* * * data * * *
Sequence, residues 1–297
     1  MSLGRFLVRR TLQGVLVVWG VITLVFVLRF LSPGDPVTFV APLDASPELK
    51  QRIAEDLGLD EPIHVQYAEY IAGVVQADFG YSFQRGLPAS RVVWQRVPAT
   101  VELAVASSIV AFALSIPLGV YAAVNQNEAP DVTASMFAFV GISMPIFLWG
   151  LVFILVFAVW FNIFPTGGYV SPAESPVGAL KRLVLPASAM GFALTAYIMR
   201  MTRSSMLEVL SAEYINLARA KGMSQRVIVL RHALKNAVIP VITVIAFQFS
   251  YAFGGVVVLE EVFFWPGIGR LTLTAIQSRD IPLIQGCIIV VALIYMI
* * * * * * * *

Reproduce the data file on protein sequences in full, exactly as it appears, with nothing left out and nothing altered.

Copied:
Sequence, residues 1–297
     1  MSLGRFLVRR TLQGVLVVWG VITLVFVLRF LSPGDPVTFV APLDASPELK
    51  QRIAEDLGLD EPIHVQYAEY IAGVVQADFG YSFQRGLPAS RVVWQRVPAT
   101  VELAVASSIV AFALSIPLGV YAAVNQNEAP DVTASMFAFV GISMPIFLWG
   151  LVFILVFAVW FNIFPTGGYV SPAESPVGAL KRLVLPASAM GFALTAYIMR
   201  MTRSSMLEVL SAEYINLARA KGMSQRVIVL RHALKNAVIP VITVIAFQFS
   251  YAFGGVVVLE EVFFWPGIGR LTLTAIQSRD IPLIQGCIIV VALIYMI